The Ultimate Story Of Sacrifice On D-Day: The Bedford Boys
It has now been 73 years since the Allies conducted the largest amphibious military assault in history. D-Day is the story of collective sacrifices from small towns around the world. Nowhere is this more apparent than in the story of the “Bedford Boys.”
On June 6, 1944, Company A, 116th Infantry Regiment, 29th Infantry Division made the ultimate sacrifice on D-Day. 34 men from this company were from the small town of Bedford, Virginia. They were among the first waves of troops to land on Omaha Beach. 19 of Bedford’s finest were killed during these initial landings. Another three died later in the invasion. Author Alex Kershaw dedicated a book to the story of these men, titled, The Bedford Boys. In it, he writes, “No community in the state or in America or indeed in any Allied nation had lost as many sons as Bedford.”
The Bedford Boys leaving England for Normandy in 1944. (Photo: tommymarkham.com)
In 1944, the town of Bedford had a population of around 3,200. In one-day, it had suffered a higher loss of life than any other community. Everyone in Bedford was affected by what had happened. After the invasion, many of the men’s families would have to wait weeks to learn the fate of their loved ones. John and Macie Hoback were residents of Bedford. Their sons Raymond and Bedford Hoback were part of Company A. On an unforgettable Sunday morning, a local Sheriff brought them a telegram stating that their son, Bedford had been killed on Omaha. The following day they received another telegram that their other son, Raymond, was missing in action. Lucille Hoback was the brothers’ sister. She recalled that after receiving those telegrams, “My mother was never the same.” Like so many of Bedford’s families, nothing in their small town would ever be the same after D-Day. Perhaps Alex Kershaw put it best when he wrote, “In a matter of minutes, a couple of German machine gunners had broken the town’s heart.”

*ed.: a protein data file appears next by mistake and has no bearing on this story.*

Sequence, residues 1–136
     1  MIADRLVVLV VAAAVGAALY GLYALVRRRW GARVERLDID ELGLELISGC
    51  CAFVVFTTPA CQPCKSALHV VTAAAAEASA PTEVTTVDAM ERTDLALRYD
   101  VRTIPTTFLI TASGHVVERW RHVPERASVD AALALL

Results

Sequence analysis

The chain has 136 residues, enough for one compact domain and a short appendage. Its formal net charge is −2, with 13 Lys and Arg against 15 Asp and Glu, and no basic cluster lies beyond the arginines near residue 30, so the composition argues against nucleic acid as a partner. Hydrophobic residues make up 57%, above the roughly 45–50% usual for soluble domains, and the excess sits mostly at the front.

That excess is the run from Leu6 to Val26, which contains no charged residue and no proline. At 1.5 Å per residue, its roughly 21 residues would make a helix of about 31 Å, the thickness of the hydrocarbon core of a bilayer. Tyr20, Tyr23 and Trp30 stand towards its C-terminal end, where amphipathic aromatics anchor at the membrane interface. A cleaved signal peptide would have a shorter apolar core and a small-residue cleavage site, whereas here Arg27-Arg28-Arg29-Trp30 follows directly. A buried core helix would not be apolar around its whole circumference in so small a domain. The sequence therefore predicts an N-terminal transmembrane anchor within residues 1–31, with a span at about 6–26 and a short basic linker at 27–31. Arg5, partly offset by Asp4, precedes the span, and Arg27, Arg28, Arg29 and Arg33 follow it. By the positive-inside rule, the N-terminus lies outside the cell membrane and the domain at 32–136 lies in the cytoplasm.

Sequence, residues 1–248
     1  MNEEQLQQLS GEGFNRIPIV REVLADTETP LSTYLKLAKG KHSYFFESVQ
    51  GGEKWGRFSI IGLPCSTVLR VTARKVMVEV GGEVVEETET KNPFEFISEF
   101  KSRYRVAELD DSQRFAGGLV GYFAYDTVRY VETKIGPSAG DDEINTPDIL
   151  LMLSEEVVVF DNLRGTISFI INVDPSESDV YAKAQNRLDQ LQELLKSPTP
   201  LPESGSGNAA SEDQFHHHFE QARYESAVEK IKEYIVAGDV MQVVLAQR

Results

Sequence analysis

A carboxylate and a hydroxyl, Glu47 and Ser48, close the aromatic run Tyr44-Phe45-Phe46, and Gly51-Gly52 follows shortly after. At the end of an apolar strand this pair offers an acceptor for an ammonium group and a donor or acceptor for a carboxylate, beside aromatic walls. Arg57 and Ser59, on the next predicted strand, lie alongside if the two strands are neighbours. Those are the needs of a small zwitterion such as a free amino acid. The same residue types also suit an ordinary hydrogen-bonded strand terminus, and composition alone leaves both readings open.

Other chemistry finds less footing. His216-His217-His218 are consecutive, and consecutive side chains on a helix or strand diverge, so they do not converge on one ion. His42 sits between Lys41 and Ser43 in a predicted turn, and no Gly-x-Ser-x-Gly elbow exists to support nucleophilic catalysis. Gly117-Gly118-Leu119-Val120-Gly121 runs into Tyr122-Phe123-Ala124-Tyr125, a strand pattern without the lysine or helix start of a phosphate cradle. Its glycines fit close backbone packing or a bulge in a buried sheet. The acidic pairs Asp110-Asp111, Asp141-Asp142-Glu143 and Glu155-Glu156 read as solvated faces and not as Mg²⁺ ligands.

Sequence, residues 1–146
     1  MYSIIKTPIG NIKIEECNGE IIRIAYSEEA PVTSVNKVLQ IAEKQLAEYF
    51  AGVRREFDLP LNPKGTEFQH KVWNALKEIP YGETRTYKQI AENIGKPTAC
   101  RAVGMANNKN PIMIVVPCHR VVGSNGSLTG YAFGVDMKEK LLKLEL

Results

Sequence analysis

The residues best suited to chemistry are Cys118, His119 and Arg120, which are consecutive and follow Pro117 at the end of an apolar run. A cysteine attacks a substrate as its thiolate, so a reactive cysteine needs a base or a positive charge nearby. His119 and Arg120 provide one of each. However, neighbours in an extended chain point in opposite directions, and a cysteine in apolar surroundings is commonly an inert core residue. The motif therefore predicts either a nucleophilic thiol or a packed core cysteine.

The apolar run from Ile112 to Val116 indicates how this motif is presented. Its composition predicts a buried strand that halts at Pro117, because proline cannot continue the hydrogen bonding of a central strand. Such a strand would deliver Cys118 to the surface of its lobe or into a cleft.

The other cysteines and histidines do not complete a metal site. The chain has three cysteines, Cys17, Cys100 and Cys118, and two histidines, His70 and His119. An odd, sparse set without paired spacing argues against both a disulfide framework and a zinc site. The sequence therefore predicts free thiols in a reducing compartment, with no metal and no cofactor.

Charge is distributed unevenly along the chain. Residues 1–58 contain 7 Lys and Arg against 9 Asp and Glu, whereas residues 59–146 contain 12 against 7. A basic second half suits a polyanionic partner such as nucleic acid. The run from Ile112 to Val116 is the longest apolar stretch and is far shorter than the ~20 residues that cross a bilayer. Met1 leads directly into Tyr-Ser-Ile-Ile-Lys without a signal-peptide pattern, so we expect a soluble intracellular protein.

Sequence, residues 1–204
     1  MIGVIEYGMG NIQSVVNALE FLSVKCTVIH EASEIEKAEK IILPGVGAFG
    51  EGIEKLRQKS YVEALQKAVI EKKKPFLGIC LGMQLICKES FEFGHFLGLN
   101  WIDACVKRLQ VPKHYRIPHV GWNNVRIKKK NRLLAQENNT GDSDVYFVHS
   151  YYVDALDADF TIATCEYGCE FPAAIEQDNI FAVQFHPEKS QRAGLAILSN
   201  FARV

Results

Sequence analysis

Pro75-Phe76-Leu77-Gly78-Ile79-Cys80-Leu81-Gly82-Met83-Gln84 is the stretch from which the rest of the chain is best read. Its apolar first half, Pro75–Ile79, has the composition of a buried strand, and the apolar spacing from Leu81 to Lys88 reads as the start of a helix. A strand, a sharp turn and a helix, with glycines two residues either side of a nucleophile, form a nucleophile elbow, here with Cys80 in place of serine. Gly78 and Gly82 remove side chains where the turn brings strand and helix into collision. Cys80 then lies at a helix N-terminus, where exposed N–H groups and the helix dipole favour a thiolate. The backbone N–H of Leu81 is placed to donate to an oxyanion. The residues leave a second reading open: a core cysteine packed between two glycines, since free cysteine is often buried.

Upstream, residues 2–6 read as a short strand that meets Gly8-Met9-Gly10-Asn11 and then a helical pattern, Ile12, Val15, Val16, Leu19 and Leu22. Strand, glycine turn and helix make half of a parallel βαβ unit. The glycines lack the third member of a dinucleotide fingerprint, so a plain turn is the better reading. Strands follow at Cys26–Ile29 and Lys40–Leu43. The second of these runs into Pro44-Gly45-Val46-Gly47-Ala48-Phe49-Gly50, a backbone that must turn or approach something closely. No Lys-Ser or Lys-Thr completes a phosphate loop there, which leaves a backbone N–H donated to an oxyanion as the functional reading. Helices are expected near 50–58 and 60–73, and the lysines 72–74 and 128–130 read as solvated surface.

Brothers, Raymond and Bedford Hoback. (Photo: tommymarkham.com)
Prior to World War II, the Bedford Boys were part of a National Guard Unit. All of them were volunteers. As tensions around the world continued to heighten, Company A was activated into federal service. After the attack on Pearl Harbor, the Bedford Boys along with the rest of the country mobilized for war. In 1942, they were sent to England and spent 21 months in training for what would eventually become the Allied invasion of Normandy. Historynet.com writes, “While other American divisions saw combat in North Africa, Italy, and the Pacific, the 29th continued with its training.” The Bedford Boys first test of combat would be on D-Day. This wasn’t uncommon as Alex Kershaw writes, “Only one of the eleven American divisions in Britain before D-Day-the 1st Division- had seen combat.”
The Bedford Boys in England, 1943. (Photo: tommymarkham.com)